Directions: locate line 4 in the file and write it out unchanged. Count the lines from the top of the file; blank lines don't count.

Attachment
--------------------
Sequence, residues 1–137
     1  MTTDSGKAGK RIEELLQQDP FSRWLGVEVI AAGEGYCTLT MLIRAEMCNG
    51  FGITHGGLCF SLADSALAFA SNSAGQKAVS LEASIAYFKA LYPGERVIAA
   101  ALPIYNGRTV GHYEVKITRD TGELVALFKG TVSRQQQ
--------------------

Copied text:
   101  ALPIYNGRTV GHYEVKITRD TGELVALFKG TVSRQQQ